The Wright Center for Community Health and its sister organization in Scranton, Pa. are expanding to this new facility, thanks to federal tax credits that have motivated other donations worth millions of dollars for the capital project. Photo: ROBERT SANCHUK
Inside Philanthropy has previously described federal tax credits that yield millions of dollars for charitable organizations in economically distressed areas. The New Markets Tax Credit program, which was enacted by Congress as part of the Community Renewal Tax Relief Act of 2000, is important to know about at a time when raising money from a shrinking pool of individual donors is getting harder.
As one Pennsylvania nonprofit has found, the tax credits can be leveraged to motivate big monetary rewards, including state-wide funds and grants from private foundations.
Millions for a Hospital and Clinics
The Wright Center for Community Health—a nonprofit hospital that operates multiple clinics serving more than 20,000 patients, nearly half of whom are uninsured, underinsured, or low-income—last month received $2.3 million from the sale of federal New Markets Tax Credits for an expansion project that will create more than 40 full-time jobs in Scranton, Pa.
The $2.3 million was generated by a $9.5 million allocation. Nonprofits that receive these allocations sell the tax credits to companies that pay a reduced price for them, thereby offsetting their federal tax burden. As a rule of thumb, nonprofits can expect to receive from 20 to 25 percent of a New Markets Tax Credit allocation as a cash investment. (A $10 million allocation, for example, will result in a net cash infusion of between $2 million and $2.5 million.)
In addition to its work as a primary healthcare hub for patients, the Wright Center also operates the largest government-designated independent medical residency program for medical school graduates nationwide. Together these two Wright programs aim to create a sustainable primary-care physician pipeline of doctors who are prepared and committed to serve underinsured regions.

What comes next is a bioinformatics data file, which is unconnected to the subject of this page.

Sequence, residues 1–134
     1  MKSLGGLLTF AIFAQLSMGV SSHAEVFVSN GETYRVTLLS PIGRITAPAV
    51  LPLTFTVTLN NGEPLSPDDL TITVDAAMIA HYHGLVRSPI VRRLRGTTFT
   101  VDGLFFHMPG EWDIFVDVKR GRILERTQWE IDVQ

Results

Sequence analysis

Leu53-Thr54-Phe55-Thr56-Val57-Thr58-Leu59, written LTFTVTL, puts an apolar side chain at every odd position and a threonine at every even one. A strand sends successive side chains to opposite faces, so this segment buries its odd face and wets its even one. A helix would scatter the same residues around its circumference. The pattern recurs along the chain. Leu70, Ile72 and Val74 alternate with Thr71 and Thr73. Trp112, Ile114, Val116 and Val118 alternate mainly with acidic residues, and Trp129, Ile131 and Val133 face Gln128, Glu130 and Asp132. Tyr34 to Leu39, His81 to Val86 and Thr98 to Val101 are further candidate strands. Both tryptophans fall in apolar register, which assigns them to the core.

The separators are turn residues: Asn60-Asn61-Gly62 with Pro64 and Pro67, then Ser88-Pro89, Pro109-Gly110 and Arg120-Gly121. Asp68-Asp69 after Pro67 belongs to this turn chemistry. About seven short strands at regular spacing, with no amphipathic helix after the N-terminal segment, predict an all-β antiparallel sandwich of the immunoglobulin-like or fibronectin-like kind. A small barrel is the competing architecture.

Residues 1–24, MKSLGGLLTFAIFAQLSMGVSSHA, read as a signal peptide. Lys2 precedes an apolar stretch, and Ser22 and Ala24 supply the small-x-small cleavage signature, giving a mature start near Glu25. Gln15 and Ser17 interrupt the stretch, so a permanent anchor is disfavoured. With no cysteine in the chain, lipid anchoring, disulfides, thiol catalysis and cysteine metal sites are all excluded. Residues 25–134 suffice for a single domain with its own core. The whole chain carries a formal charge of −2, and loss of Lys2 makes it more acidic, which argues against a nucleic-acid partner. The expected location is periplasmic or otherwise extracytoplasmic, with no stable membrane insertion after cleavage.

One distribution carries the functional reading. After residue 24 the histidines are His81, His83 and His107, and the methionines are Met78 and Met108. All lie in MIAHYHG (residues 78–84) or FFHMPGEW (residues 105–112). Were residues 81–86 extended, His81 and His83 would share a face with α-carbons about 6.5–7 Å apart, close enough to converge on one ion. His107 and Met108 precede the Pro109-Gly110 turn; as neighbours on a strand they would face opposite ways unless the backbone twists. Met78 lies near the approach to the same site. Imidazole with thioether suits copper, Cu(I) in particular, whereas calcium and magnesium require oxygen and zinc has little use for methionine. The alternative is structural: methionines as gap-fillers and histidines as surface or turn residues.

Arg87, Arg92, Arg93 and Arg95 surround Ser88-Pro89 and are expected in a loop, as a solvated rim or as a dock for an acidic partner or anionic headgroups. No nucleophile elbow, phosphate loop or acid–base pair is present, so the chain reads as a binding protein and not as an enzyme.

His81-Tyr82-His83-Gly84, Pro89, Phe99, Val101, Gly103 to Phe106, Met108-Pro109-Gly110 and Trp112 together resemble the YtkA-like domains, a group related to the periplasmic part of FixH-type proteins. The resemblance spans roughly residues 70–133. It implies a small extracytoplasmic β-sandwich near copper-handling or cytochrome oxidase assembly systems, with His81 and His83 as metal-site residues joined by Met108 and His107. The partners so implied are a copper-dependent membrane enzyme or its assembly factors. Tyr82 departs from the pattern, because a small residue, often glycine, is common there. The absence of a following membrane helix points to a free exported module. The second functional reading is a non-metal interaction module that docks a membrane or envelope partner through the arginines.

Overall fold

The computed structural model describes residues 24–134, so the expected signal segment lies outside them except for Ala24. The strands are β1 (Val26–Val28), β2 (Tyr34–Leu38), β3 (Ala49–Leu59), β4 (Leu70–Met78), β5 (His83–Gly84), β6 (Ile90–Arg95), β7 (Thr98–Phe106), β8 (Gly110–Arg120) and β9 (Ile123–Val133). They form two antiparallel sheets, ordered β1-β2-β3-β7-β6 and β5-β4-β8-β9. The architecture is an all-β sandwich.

This month, the Wright Center announced another $1.5 million grant from a state-wide fund that assists organizations with capital projects. The center is the money raised to expand to a new 41,900 square foot complex that will open this fall and greatly increase the number of patients served.
In addition to federal and state funds motivated by the tax credits, the Wright Center has received nearly $200,000 from area foundations, and it has another pending grant request that could yield more than $1 million for the expansion project, which will cost about $10 million.
Spurring Grantmakers to Invest
The New Markets money definitely helped spur private grantmakers to invest, says Maria Montoro-Edwards, the Wright Center’s vice president for strategic initiatives. “We were able to demonstrate that the project is a community priority in a high-need area vetted by the government.”
While The Wright Center is close to completing its expansion project, getting the money has not been easy, Montoro-Edwards says. Obtaining the federal tax credits was a 15-month process and necessitated hiring new market tax experts, as well as financial and legal consultants.
“It is a consultant-heavy process,” she adds. "But the New Markets investment has significantly leveraged our private foundation efforts. Combined, these funds flowing into our community will make a dramatic difference in the delivery of quality healthcare to many thousands of underserved residents.”